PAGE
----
Module leader: Dr Stephen W. Smith
Teaching and assessment (2014): Semester 2, Exam - 3hrs
This module is concerned with the relationship between the criminal law and the actions of doctors and other health care professionals. The actions of doctors are coming under increased scrutiny by the law, including the criminal law. This impacts not only how doctors do their jobs and what they see their role in society to be but also what the public can expect from doctors. Moreover, since doctors are also regulated by other governmental or official bodies (e.g. General Medical Council), the specific duties of doctors may conflict and the way the law deals with these conflicts can be especially important. This course looks at a number of issues where the criminal law has an influence on the role of health care practitioners and analyses the impact of the law.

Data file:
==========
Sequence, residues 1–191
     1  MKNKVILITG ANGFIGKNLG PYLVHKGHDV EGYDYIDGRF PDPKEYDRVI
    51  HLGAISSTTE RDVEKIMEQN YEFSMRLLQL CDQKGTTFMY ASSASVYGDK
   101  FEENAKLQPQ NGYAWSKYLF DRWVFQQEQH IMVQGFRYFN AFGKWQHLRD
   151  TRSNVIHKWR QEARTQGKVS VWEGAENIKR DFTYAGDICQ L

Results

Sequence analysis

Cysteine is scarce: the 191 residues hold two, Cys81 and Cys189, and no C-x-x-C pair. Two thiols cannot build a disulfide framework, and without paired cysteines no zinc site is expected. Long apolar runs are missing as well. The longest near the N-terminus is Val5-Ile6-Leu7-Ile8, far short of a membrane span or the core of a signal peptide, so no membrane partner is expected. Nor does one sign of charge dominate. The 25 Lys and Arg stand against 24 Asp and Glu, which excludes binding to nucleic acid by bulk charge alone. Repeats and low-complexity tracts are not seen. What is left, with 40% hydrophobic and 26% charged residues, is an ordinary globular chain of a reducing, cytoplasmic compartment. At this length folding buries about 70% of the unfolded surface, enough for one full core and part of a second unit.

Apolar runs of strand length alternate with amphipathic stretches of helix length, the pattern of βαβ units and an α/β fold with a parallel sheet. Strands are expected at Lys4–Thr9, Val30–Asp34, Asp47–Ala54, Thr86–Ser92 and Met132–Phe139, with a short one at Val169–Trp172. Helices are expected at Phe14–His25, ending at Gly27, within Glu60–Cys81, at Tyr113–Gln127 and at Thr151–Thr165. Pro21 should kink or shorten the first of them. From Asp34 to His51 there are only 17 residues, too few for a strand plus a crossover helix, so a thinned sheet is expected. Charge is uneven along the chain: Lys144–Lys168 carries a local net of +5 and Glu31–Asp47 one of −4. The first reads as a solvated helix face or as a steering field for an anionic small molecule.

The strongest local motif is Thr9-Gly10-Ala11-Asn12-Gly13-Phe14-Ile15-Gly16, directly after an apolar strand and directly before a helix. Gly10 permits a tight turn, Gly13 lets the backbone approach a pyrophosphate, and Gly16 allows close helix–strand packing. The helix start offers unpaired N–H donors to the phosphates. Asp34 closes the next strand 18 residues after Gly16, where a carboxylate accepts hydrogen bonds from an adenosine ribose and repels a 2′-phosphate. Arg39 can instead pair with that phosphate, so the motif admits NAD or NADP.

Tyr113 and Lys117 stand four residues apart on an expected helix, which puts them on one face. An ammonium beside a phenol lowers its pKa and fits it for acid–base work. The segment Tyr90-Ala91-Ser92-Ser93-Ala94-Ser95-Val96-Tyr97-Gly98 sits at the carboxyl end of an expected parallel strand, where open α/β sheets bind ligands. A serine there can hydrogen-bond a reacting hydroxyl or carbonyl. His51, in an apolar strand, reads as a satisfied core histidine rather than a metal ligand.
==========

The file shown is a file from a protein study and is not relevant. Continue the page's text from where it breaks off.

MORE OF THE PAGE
However, since health care practitioners are also governed by ethical requirements, a major part of the course involves philosophical and ethical discussions. It is therefore imperative that those studying the course be prepared to think carefully about the role of ethics within health care and comparisons between a doctor’s ethical and legal duties. Thus, this option is best suited for those students who are interested in questions of theory and ethics in addition to questions about the criminal law and its place within medical law.
- Introduction to Medical Ethics
- Confidentiality and the Doctor-Patient Relationship
- Criminal Transmission of Disease
- Abortion and other criminal issues prior to birth
- Conjoined Twins, Withdrawal of Treatment from Infants and Neonaticide
- Gross Negligent Manslaughter
- Withdrawal and Withholding of Treatment from Adults and Palliative Care
- Assisted Suicide and Euthanasia
Modules and Courses are constantly updated and under review. As with most academic programmes, please remember that it is possible that a module may not be offered in any particular year, for instance because a member of staff is on study leave or too few students opt for it. The University of Birmingham reserves the right to vary or withdraw any course or module.